Peace-Time Artificiality

By Lieutenant Franklin G. Percival, U. S. Navy (Retired)
December 1934
*This article was submitted in the Prize-Essay Contest, 1934."Current opinion and plausible impressions should always be thoroughly tested; for if erroneous they work sure failure and perhaps disaster."—MahanViewed ...

The Evolution of the Navy Ration

By Lieutenant Commander J. H. Skillman (S.C.), U. S. Navy
December 1934
“. . . and there shall also be allowed one-half pint of distilled spirits per day, or in lieu thereof, one quart of beer per day to each ration. . ...

The Issue at the Next Naval Conference

By Lieutenant Commander Melvin F. Talbot (S.C.), U. S. Navy
December 1934
Unless renewed, the structure of limitations resulting from the London naval treaty will expire on December 31, 1936. This agreement, however, provides that a meeting of the signatory powers be ...

The Manila Galleons

By Lieutenant John D. Hayes, U. S. Navy
December 1934
Introduction.—Almost forgotten now in these days of Anglo-Saxon and Japanese domination of the Pacific is that long before these peoples obtained a prominent place in the world's affairs there existed ...

Pleasure and Pain of 1918

By Commander W. Howard Michael (M.C.), U. S. Navy
December 1934
It is Quantico in early January, 1918. The other units of the Marine Brigade have already sailed for France to form a part of the 2d Division. The headquarters company ...

Candidates for Public Servants

By Lieutenant D. Adams Frost, U. S. Navy
December 1934
In the June issue of the Readers' Digest there appeared an article "Wanted—Public Servants for Life," a digest of an article from the March issue of Fortune entitled "British Civil ...

Retrospection

By Captain E. R. Wilson (S.C.), U. S. Navy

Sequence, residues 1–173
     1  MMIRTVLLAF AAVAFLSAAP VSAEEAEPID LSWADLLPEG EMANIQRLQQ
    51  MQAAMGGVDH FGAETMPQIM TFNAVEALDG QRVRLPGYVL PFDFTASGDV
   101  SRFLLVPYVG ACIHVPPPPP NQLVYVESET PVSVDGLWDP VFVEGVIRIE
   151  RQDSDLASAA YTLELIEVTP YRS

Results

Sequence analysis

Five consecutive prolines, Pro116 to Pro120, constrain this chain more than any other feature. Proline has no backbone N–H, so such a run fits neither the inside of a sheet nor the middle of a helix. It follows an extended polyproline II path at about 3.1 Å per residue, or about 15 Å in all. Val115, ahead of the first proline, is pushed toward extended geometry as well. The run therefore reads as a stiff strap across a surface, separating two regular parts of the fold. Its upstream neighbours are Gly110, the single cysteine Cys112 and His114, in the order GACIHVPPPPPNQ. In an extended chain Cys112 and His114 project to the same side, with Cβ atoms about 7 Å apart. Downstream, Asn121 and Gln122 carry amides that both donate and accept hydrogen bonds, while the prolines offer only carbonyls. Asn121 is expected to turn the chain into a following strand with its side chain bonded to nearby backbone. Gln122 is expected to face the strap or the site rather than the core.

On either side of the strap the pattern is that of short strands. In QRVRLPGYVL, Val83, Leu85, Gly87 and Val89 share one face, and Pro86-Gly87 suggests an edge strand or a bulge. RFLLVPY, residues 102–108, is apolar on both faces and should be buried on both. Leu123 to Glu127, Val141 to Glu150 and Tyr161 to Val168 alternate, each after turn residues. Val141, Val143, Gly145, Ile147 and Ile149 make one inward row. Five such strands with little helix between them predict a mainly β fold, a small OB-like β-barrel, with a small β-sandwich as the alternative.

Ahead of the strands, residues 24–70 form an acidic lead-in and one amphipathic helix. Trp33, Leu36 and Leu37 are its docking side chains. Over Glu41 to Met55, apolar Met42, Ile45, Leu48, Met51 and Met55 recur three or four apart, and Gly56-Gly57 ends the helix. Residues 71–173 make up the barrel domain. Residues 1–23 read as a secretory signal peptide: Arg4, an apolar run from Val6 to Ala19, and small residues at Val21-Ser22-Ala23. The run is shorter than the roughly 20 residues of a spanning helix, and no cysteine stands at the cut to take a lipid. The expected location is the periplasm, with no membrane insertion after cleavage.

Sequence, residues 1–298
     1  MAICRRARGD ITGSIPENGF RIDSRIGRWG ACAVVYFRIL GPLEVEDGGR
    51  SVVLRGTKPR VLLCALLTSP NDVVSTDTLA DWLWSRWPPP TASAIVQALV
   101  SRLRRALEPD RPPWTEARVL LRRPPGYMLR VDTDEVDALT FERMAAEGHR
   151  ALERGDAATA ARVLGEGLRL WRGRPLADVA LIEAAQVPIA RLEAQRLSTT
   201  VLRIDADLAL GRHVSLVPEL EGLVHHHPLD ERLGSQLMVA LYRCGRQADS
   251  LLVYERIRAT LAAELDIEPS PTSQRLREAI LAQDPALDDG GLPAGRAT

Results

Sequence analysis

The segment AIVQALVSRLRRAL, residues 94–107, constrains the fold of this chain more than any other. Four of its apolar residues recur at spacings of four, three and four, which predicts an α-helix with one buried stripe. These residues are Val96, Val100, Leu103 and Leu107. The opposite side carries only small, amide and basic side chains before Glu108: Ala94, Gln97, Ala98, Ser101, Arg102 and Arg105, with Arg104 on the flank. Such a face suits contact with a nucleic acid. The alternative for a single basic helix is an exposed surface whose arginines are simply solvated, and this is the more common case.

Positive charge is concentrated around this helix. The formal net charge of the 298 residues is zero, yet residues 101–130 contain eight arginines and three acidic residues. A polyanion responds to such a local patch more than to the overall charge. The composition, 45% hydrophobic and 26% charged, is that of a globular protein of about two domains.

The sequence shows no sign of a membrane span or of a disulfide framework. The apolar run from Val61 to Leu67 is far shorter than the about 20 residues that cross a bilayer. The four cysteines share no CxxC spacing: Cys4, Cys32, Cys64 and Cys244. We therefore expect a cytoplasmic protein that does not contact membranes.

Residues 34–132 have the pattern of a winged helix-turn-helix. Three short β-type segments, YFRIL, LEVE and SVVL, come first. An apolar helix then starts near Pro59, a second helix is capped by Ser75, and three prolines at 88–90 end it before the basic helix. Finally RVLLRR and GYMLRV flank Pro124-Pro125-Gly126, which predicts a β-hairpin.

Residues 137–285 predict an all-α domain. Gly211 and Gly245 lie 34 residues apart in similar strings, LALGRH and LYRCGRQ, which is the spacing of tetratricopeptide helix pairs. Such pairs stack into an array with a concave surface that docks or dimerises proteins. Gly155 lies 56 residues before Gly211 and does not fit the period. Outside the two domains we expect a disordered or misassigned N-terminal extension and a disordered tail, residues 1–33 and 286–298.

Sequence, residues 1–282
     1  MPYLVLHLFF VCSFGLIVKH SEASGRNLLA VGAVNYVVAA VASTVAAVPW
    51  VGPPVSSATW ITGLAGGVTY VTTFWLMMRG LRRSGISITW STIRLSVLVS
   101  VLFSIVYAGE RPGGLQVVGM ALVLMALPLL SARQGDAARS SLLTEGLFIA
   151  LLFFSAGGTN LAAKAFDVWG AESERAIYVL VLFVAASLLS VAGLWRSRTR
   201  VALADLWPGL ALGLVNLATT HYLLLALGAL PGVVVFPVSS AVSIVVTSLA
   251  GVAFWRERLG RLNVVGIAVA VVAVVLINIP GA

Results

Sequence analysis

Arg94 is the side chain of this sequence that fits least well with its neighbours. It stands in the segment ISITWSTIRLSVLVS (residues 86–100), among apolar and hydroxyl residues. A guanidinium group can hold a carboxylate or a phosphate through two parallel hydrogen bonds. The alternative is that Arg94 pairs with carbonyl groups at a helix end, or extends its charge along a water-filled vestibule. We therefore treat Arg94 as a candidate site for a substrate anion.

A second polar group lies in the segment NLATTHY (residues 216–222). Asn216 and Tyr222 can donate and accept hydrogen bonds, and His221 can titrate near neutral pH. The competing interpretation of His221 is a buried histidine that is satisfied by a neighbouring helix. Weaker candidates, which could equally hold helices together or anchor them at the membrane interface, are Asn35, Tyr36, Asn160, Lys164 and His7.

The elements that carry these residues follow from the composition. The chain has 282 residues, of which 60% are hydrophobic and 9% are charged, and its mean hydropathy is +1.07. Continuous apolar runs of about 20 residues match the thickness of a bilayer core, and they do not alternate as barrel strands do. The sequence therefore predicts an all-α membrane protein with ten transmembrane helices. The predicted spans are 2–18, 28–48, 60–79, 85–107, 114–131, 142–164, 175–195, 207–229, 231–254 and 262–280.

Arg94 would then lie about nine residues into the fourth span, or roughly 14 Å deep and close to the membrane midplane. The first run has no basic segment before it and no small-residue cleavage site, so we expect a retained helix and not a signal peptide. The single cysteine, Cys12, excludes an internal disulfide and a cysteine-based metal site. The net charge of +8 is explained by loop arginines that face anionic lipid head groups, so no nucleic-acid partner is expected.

December 1934
The old gray mare she ain't what she used to be Many long years agoAs the gray hairs replace the few remaining darker ones on a man's scalp, reminiscence ...

Mistaken Attacks in the World War

By Lieutenant Commander Leonard Doughty, Jr., U. S. Navy
December 1934
In the World War, with its innumerable scientific advances in the technique of waging war, both on land and sea, it was natural that many unforeseen difficulties arose to complicate ...

Mechanization in Aid of Landing

By Lieutenant Harold D. Harris, U. S. Marine Corps
December 1934
Success or failure in a naval campaign has numerous contributing factors, one of the most important of which may be the seizure, utilization, and defense of an advanced base in ...

The Pratt Protractor and Plotting Scale

By Captain Frank Jansen, Head of Department of Navigation and Nautical Astronomy, University of Southern California
December 1934
Since the use of plotting sheets has become universal in solving the line of position problem both at sea and in the air, different inventions have been placed on the ...

Discussions

December 1934
The Pratt Protractor and Plotting Scale(See page 1740 this issue)Commander J. B. Oldendorf, U. S. Navy.—Captain Jansen's fame as a lecturer on navigation and nautical subjects is made. His ...

Notes on International Affairs

Prepared by Professor Allan Westcott, U. S. Naval Academy
December 1934
From October 3 to November 3FAR EASTERN PROBLEMSNaval Talks Approach Deadlock.—Bilateral naval conversations preliminary to another naval conference in 1935 began in London in the last week of October, the ...

Book Reviews

December 1934
BOOK DEPARTMENTMembers of the Institute may save money by ordering books through its Book Department, which will supply any obtainable book. A discount of 10 per cent is allowed on ...

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